Study Guide

Number the Stars Warfare

By Lois Lowry


And it meant two rifles, gripped in the hands of the soldiers. She stared at the rifles first. Then, finally, she looked into the face of the soldier who had ordered her to halt. (1.13)

Living during wartime means making sacrifices. It starts small, like this (not being able to run freely in your neighborhood). But as we know, this is only the beginning. Interrupting a friendly street race seems like nothing compared to what Ellen will have to do shortly after.

For Kirsti, the soldiers were simply part of the landscape, something that had always been there, on every corner, as unimportant as lampposts, throughout her remembered life. (1.40)

Streets have lampposts and roads have cars and towns have soldiers. Wait, what? That last one doesn't really ring true for most of us (lucky us!). Kirsti, on the other hand, doesn't know life without these soldiers. Taking them away would be almost as strange for her as putting them in would be for us.

"Papa," Annemarie had said, finally, into the silence, "sometimes I wonder why the king wasn't able to protect us. Why didn't he fight the Nazis so that they wouldn't come into Denmark with their guns?" (2.30)

Annemarie isn't the only one asking this question. Why do you think Denmark allowed the Nazis in? Was it a moral failure on their end, or is there more to the issue than that?

The train started again. The door at the end of their car opened and two German soldiers appeared. Annemarie tensed. Not here, on the train, too? They were everywhere. (6.39)

We know that Kirsti is really accustomed to the soldiers being around. Annemarie—not so much. She knows a time before there were soldiers, so their presence makes her really uneasy. Kirsti, on the other hand, doesn't understand what the big deal is, so she ends up chatting it up with the Nazis and charming the pants off of 'em.

"Don't tell me the soldiers try to—what's the word?—relocate butter, too?" She laughed at her own joke.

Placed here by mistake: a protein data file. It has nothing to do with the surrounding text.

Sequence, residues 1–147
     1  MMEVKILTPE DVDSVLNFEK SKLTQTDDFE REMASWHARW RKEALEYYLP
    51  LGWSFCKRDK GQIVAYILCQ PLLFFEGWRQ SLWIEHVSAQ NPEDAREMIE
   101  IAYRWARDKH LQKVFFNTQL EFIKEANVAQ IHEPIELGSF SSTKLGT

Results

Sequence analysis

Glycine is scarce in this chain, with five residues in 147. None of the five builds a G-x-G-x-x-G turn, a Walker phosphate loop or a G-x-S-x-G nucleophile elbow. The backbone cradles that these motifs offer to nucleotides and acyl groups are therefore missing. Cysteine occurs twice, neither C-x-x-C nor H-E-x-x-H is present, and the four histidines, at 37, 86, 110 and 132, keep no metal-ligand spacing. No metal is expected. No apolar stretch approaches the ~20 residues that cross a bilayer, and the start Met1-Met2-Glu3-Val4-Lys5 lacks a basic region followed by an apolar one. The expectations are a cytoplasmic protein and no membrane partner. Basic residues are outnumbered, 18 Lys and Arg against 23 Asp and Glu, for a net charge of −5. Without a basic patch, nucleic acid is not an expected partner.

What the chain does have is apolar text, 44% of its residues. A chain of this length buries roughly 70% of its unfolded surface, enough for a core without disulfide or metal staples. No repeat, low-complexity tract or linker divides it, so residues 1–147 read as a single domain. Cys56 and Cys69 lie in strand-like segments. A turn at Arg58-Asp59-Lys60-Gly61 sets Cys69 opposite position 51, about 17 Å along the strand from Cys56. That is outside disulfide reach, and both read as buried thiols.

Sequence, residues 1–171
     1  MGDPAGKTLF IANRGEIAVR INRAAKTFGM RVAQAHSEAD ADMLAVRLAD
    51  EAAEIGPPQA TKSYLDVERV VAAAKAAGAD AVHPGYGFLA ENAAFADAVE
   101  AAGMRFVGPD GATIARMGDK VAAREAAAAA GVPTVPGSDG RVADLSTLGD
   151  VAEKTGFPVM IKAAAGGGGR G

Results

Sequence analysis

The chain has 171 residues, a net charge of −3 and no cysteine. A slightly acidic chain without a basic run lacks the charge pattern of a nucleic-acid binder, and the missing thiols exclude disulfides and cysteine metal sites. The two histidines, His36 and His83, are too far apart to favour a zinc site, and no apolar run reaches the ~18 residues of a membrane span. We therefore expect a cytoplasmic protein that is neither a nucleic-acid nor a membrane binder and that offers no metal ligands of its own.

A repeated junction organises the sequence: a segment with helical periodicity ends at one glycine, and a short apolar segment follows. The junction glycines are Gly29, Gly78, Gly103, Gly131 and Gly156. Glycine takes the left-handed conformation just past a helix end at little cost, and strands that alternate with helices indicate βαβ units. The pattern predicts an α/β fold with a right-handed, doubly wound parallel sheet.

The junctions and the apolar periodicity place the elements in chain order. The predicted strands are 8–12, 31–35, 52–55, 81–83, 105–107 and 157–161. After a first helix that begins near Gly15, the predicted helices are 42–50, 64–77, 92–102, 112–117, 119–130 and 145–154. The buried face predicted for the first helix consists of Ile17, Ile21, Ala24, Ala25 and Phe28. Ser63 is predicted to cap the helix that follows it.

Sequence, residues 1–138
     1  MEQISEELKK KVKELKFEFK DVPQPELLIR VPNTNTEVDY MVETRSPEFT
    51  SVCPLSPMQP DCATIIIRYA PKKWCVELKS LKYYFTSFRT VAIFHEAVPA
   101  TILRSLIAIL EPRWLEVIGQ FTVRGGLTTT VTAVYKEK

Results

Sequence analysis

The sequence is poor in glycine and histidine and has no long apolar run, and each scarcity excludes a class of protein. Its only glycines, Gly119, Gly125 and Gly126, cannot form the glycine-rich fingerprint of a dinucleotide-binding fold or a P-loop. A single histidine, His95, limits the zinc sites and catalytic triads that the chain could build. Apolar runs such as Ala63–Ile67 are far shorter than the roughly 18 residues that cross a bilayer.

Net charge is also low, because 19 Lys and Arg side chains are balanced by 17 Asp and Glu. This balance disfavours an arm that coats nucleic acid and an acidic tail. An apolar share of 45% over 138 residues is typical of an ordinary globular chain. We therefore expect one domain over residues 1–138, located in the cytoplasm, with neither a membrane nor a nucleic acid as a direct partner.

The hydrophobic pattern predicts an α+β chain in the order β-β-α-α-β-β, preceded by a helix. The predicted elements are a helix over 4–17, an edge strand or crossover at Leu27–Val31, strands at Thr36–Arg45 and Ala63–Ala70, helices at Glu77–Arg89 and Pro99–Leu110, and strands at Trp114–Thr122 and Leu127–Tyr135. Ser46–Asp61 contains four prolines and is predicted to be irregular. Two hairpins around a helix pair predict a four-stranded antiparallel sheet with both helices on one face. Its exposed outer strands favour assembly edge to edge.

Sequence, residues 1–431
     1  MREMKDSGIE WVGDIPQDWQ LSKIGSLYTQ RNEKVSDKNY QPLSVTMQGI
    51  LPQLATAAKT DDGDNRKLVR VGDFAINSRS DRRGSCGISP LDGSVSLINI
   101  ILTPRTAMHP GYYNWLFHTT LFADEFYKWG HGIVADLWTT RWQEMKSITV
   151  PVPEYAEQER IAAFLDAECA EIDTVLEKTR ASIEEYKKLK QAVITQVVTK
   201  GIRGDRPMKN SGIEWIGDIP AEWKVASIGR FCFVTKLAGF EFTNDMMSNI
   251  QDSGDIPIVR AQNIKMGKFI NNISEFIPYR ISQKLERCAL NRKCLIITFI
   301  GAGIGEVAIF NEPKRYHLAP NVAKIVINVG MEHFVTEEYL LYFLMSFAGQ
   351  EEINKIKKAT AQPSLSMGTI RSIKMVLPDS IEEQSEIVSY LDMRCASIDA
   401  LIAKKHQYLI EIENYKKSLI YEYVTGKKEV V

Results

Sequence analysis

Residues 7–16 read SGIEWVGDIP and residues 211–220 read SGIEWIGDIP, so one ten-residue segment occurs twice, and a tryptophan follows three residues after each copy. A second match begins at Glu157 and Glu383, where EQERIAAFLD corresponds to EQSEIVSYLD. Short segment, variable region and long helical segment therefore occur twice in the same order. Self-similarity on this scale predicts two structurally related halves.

But it wasn't a joke at all, though Mama laughed ruefully. "They do," she said. "They relocate all the farmers' butter, right into the stomach of their army! I suppose that if they knew Henrik had kept this tiny bit, they would come with guns and march it away, down the path!" (8.11-12)

To someone who knows the terrible fate of many of the relocated people (we readers know that, sadly, many Jews died at the Nazis' hands), this type of joke might seem terribly cruel. But to Annemarie and her mom, it's just an expression of how much control the Nazis have over their lives.

She heard—as if in a recurring nightmare—the pounding on the door, and then the heavy, frighteningly familiar staccato of boots on the kitchen floor. The woman with the baby gasped and began, suddenly, to weep. (10.12)

Nightmare. That pretty much sums it up.

Then they were there, in front of her. Four armed soldiers. With them, straining at taut leashes, were two large dogs, their eyes glittering, their lips curled. (14.38)

Let's take a look at the nitty-gritty language here. As if the words "four armed soldiers" and "two large dogs" weren't frightening enough on their own, Lowry uses some major wordage to reinforce the scary: "straining," "taut," "glittering" and "curled." Gulp.

Annemarie gave him a withering look. "You know we have no meat," she said insolently. "Your army eats all of Denmark's meat." (15.27)

Withering? Insolently? Okay, time to break out your dictionaries. We'll give you a hint: insolent basically means rude. Whoa—rude? That's right. Despite how scary the soldiers are, Annemarie is brave enough to criticize the way they treat Denmark and its resources.

"Someday you will find her [Ellen] again. Someday the war will end," Uncle Henrik said. "All wars do." (16.54)

All wars end. Great. But Annemarie wants this war to end. It's like telling your friend whose boyfriend just broke up with her, "it will get better—it always does." Well hey, it's the thought that counts.

But even that was not to be for Peter. The Nazis refused to return the bodies of the young men they shot at Ryvangen. They simply buried them there where they were killed, and marked the graves only with numbers. (17.9)

War takes away so many basic human kindnesses and courtesies. As a Resistance fighter, Peter saved countless lives. But when the Nazis execute him, he just becomes a number.